Systems for providing illumination are as old as the beginning of human civilization. Primitive people needed light to get through the gloom of night. The manufacture of utensils for illumination flourished in Islamic Egypt. This development took place in line with the technology available at that time, the architecture of buildings, and of the purposes for which such utensils were used. Archaeological evidence and historical sources are full of details of the development of such utensils. Illumination can be divided into two main categories: Natural and Artificial.
Utilization of natural light depends on the architectural elements of the building. An architectural plan is arranged in a way that allows sunlight to penetrate the building through courts or open sahns, (interior courtyard of a mosque), as can be seen in the mosques of Amr Ibn-Al-As and Ahmad Ibn-Tulun. Light can also enter the building by passing through stucco and transparent glass windows. Architects also built windows and other opening into the drums of domes to allow light into buildings. For the purpose of embellishing and increasing the beauty of the light, the windows, the sunshades and the hoods were decorated with colored glass, which made the light livelier. An example of that display can be seen in the funeral dome of the Madrasah of Sultan Hassan.
Utensils for illumination are used at night or in dark places where light cannot penetrate. They were also used as decoration for ceremonies and celebrations. Pottery lamps are among the most ancient of these utensils that are known. There were numerous shapes and designs of such artifacts in the Fatimid period. Pottery lamps were decorated with geometrical designs on the outside and were filled with oil and supplied with wicks. There was a special market in the ancient city of Fustat that was called the Lamp Market, where pottery and glass lamps were made and sold. The Persian traveler poet Nasseri Khisro saw the market and remarked, “There is no market that resembles that market in any country, and it contains all sorts of rare objects from all over the world.” The Fatimids wished to provide mosques, such as those of Amr Ibn Al-As, Al-Azhar and Al-Hakim, with lamps, particularly for feasts and celebrations.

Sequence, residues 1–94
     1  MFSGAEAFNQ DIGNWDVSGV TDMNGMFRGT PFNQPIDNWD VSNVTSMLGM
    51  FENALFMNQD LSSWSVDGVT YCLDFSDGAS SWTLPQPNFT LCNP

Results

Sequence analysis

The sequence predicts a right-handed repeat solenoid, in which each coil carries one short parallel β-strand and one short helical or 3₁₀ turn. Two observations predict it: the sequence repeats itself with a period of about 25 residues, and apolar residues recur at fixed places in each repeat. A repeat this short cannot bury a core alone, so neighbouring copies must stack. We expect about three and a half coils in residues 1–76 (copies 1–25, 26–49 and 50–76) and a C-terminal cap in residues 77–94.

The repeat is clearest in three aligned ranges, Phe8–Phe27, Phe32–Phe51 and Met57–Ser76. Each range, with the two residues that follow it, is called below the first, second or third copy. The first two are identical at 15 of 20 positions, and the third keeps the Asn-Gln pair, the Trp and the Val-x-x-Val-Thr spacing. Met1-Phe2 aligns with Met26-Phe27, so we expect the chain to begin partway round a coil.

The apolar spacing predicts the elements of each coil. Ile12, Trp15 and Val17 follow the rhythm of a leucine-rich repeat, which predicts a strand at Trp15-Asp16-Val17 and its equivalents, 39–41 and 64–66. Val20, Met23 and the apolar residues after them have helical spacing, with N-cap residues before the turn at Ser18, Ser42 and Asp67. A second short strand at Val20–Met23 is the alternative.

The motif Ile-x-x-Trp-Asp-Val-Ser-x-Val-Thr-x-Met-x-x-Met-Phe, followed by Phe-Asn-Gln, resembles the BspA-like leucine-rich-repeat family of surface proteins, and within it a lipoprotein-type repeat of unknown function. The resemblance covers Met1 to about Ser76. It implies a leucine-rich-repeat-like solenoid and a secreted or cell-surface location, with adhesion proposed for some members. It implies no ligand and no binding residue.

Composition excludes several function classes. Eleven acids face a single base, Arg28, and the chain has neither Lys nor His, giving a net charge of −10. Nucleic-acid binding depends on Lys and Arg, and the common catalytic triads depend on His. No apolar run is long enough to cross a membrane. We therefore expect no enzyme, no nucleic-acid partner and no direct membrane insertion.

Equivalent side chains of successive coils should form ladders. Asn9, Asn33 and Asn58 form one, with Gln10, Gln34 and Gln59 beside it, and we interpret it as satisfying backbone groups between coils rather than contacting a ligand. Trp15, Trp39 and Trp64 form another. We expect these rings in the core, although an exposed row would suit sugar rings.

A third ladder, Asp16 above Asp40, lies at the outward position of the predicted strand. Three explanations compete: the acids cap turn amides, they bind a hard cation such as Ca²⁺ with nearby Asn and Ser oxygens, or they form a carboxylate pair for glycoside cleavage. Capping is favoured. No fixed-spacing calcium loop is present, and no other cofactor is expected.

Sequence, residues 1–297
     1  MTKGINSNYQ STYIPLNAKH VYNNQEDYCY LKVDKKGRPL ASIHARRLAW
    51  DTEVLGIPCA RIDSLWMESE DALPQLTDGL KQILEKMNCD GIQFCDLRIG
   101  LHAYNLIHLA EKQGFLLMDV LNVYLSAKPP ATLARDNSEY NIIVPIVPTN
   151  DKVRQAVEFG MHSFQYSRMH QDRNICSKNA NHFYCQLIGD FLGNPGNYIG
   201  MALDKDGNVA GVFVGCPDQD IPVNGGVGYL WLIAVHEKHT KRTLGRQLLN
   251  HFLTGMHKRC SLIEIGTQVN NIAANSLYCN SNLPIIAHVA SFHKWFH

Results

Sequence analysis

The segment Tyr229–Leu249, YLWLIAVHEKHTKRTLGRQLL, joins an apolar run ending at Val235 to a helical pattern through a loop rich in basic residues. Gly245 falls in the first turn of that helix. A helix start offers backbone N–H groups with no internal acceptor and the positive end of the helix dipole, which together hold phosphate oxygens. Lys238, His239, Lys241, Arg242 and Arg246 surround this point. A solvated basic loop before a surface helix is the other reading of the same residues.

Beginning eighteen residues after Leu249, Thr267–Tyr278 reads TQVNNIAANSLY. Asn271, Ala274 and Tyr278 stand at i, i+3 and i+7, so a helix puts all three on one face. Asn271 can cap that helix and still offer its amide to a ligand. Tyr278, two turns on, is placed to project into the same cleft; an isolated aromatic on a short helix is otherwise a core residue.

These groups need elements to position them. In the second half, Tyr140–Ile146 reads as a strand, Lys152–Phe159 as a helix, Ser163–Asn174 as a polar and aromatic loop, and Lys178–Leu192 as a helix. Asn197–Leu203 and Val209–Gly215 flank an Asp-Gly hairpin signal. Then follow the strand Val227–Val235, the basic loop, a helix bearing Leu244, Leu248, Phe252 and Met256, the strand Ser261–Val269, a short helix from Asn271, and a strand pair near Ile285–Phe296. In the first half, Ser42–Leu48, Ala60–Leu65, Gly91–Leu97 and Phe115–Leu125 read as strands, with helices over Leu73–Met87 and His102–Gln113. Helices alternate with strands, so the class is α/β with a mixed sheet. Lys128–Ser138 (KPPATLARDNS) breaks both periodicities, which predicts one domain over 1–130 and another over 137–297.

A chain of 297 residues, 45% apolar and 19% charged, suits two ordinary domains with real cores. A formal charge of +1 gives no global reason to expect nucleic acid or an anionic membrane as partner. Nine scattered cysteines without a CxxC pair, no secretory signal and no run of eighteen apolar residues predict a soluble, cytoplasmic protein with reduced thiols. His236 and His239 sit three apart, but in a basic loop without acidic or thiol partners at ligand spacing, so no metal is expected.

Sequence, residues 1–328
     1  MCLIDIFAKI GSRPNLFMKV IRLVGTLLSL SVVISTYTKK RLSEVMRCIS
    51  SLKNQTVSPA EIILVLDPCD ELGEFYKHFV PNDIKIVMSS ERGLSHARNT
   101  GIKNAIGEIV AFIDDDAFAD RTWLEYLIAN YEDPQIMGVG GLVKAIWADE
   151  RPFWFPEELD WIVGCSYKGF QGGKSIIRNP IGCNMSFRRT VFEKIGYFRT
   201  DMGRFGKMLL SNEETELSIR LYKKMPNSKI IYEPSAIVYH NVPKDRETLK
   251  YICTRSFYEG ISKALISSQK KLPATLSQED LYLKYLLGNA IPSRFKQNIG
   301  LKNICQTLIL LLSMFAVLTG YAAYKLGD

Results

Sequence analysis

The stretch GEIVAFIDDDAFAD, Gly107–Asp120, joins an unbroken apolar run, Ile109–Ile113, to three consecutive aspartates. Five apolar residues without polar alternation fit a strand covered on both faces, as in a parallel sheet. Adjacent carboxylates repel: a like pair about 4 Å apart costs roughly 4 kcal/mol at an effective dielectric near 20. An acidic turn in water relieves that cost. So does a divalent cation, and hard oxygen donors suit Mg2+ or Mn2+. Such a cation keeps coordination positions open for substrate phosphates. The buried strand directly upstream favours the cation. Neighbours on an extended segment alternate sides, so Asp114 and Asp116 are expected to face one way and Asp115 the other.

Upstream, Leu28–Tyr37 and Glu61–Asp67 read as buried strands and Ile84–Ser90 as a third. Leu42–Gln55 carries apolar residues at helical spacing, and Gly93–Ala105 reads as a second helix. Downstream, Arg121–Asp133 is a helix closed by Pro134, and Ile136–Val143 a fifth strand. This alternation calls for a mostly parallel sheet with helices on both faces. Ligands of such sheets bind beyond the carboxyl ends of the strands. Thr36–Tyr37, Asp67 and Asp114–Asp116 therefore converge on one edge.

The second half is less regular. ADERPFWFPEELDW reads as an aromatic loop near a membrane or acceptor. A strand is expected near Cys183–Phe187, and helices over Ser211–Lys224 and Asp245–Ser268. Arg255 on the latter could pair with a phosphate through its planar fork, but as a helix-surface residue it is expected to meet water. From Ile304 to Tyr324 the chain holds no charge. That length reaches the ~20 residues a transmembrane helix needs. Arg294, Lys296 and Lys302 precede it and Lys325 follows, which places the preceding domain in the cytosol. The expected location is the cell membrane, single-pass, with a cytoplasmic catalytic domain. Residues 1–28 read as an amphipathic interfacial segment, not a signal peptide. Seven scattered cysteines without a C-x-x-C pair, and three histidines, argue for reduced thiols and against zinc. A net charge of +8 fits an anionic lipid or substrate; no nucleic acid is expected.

It was told that Al-Hakim Bi-Amr Allah gave, as a gift, a great silver chandelier to the Mosque of Amr Ibn Al-As. It bore 700 lamps. At that time it was necessary to remove one of the mosque's doors in order to mount it. Candles were used for illumination and their production flourished in Islamic Egypt. The candlesticks were made of copper and were probably used in great houses and palaces. Mohammad Ibn-Tugkj Al Ikhshid used to go out at night with his servants carrying lighted candles in their hands. Candle markets were very popular during the beginning of the month of Ramadan, in the Fatimid period, as candles were used a lot for lighting.
Radish and turnip seed oil, which were called hot oil, were used in lamps. Such oils became more expensive, when Al-Hakim Bi-Amr Allah ordered that all stores, lanes and shops should be lit at night. Mamluk artists produced the most marvelous glass lamps; sultans and princes ordered that they should be placed in mosques. They were made of glass inlaid with mina and gold, and distinguished by their special shape became known as mosque lamps.
Additionally, brass candlesticks and lanterns were manufactured in the Mamluk period. Chandeliers were large and consisted of several circles, each carrying a number of glass lanterns; the circles were attached to each other by chains. The collection of lighting utensils in the Madrassa of Sultan Hassan is considered to be the largest.